A few months ago while walking my dog at McClellan, a man in a black pickup flagged me down. He was a veteran, he said, who’d served at Anniston’s Army post during its final years and now lives in Atlanta. He was lost, a little bewildered and had questions.
“Is this Fort McClellan?” he asked.
“Yeah,” I told him.
For about 30 minutes, the three of us — two men and Lacey, my dog — stood in the road near the Center for Domestic Preparedness and discussed what was and what is, then and now. His Fort McClellan was missing. His Fort McClellan was barracks and military signage and training grounds and soldiers. His Fort McClellan was gone.
Which is true, of course. McClellan redevelopment has morphed an Army post into a landscape of light industries, offices, residential neighborhoods, schools, athletic fields and, alas, still-undeveloped spaces. If you were oblivious to McClellan’s past, you’d be hard-pressed this Veterans Day weekend to find hints of what it once was.
But they are there. A few, such as Edward B. Roskey, are buried in the soil.
Roskey was the first soldier to die at then-Camp McClellan and the first soldier buried in what would become the post’s military cemetery. His remains are in Grave 1, Lot 1, Block 1, right inside and to the left of the front gate. The century-old cemetery is undergoing a renovation courtesy of Anniston Army Depot, which oversees the military burial ground. A Mississippi-based contractor is cleaning, raising and aligning the cemetery’s 300-plus headstones.
Thus far, a depot spokeswoman says, 54 headstone restorations are complete. Including Roskey’s.
I first wrote about Roskey a year ago just prior to Memorial Day. His story is part routine and part tragic: He came to Alabama as a young member of Co. L of the 29th Division’s 114th Infantry Regiment, which fought with distinction in World War I. But the New Jersey private fell ill in March 1918 and died June 18 at the post hospital. There’s no record of what caused his death, but my bet is the Spanish flu pandemic that swept the globe at war’s end; hundreds of McClellan soldiers came down with the virus.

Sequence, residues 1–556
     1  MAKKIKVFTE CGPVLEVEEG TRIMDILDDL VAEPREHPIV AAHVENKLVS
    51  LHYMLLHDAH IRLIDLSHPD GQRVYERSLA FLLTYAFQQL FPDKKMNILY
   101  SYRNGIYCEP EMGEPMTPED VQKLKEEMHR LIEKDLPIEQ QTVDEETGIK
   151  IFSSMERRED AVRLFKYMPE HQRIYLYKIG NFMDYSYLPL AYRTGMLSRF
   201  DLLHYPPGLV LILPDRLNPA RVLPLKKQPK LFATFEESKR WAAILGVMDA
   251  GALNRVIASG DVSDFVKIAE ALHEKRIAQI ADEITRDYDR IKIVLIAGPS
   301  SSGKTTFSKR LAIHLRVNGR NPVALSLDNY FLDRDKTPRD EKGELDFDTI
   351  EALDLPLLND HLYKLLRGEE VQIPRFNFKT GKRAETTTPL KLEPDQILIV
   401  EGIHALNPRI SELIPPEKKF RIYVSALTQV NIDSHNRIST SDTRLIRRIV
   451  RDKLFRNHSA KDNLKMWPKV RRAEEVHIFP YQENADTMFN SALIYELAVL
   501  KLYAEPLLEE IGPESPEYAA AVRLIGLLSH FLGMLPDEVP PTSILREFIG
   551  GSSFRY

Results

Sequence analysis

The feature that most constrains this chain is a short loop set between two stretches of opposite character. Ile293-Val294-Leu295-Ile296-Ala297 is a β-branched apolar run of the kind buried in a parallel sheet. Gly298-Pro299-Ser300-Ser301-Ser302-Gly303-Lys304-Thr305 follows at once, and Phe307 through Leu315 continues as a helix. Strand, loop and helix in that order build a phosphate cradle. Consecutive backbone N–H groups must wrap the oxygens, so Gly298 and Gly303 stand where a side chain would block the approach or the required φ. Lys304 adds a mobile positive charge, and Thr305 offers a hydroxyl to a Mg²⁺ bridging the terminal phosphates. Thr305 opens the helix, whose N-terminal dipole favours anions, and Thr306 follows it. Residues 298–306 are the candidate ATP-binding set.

A week after he died, Chaplain J.O. Abbott of the 79th Field Artillery Regiment held the first Army funeral at the post hospital. An artillery caisson, escorted by eight privates and a corporal, escorted the body to the grave.
“That’s where Roskey’s story ends, least I can tell,” I wrote last summer about his thin storyline.
Turns out, there’s more. There always is.
George Hedges Jr., of Goochland, Va., runs a Facebook page dedicated to New Jersey’s Great War veterans of the 114th. (His great uncle was a sergeant in that unit.) In emails this week, Hedges explained that before the United States entered the war, many of those men were in the New Jersey National Guard and fought on the Mexican border. They were recalled in 1917 and sent to Alabama as part of the new 29th Division, where New York and New Jersey men dominated McClellan’s earliest years.
For months I’ve scoured records for more details about Roskey and his family, hoping to find a distant relative who could fill in the gaps. What a story to tell, McClellan’s first. But all I knew was that he was from New Jersey, he was a private, he never saw combat, he died here and was buried in Alabama’s red clay.
Hedges, however, believes he’s found Roskey’s trail.
A 1910 Census entry from Orange, N.J., lists a Charles Roskey, who worked at a hat factory, and his wife, Sophia, a parochial-school janitor. They had five children — Michael, Edward, Jennie, Charlotte and Matilda. I’d previously ignored this record because newspaper accounts said Edward was 18 when he died, which didn’t jive with the notoriously erratic Census data.
The Roskeys immigrated from Russia in 1897 and were of Russian and Polish heritage. Their sons, Michael and Edward, were born in Russia. Their daughters were born in the United States. They settled in Orange, N.J., not far from Newark, where Hedges found a World War I marker that contains Edward Roskey’s name, though with a different middle initial.
I believe Hedges has discovered our Edward Roskey, a 21-year-old Russian immigrant who got sick and died at Camp McClellan and whose family chose an Alabama burial instead of returning his body to New Jersey.
There his trail turns cold, again. Neither the elder Roskeys nor their children are on the 1920 Census. They may have returned to Russia, Hedges suggests, though we’ll likely never know.
At least Edward Roskey, the defunct post’s first military burial, has a spiffy new gravesite. These days at McClellan, that counts for a great deal.